Direct Relief’s Emergency Preparedness and Response Manager Gordon Willcock is in Vanuatu conducting assessments after Category 5 Tropical Cyclone Pam tore across the South Pacific last weekend. His update from the field below:
Reports from the northern islands indicate they are okay, apart from the eastern coast of Pentecost. The southern island group, especially Tanna, were hit badly.
The roads have been cleared in and around the capital Port Vila and water is on to about 80 percent of the city, however, no one seems confident it is potable. Power is still out in much of the city.
The real challenge in the outer islands now is food and water as a large percentage of crops, private gardens and fresh water sources have been damaged or completely destroyed. I have seen before-and-after images of a number of small islands and they have been completely defoliated.
There is also a very real potential for disease outbreaks and some malnutrition as community food stocks have been destroyed and the provision of food and water has been slow. This may create an unanticipated need for certain medicines and supplies – the contacts are in place to react to these needs rapidly and to future needs in the event of another disaster.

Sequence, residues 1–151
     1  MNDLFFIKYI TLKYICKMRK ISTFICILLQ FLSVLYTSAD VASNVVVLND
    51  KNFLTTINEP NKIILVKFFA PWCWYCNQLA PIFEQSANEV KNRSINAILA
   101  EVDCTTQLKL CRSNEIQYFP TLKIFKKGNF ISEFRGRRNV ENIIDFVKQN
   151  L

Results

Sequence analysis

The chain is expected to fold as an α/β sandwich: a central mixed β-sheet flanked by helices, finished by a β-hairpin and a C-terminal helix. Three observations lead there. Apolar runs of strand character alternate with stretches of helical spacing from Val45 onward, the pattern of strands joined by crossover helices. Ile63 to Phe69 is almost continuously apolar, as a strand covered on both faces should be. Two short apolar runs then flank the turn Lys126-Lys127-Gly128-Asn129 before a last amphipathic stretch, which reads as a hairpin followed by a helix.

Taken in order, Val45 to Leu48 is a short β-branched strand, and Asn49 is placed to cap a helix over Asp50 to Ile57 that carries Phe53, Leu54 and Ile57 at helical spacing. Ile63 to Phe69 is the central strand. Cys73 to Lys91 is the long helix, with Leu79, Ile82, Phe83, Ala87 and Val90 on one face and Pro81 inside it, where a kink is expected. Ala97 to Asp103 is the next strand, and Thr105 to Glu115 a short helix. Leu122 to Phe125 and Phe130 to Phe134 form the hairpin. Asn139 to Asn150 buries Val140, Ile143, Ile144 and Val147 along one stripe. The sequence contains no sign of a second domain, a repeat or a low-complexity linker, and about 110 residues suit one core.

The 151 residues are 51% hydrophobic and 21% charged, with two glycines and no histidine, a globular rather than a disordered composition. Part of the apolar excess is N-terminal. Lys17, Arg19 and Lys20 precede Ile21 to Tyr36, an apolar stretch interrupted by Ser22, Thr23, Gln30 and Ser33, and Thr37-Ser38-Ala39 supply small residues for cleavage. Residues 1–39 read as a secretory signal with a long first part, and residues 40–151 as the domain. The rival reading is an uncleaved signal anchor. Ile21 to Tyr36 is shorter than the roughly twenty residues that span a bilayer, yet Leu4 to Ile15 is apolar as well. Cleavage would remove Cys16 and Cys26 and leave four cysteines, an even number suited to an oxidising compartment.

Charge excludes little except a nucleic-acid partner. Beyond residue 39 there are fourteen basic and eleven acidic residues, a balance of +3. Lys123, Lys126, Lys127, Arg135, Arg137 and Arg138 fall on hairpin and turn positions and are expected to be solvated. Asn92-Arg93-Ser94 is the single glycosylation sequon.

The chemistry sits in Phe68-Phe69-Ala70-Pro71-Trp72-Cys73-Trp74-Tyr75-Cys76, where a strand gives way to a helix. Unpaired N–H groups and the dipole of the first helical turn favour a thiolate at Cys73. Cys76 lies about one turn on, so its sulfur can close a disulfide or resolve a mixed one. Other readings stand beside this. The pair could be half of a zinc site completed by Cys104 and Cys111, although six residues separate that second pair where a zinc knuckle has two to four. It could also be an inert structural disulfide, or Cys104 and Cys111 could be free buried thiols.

Information is still coming in from the islands and this will speed up as cell coverage is re-established. This means the overall situation and priorities of the response may evolve in the next 72 hours and we are now in a position to react, if required.
Good lines of communications are established with the Ministry of Health (MOH), World Health Organization, and MOH medical storage facility. The chief storage and supply manager said there may be a medical supply gap in the next months between the current stock and the arrival of the next order.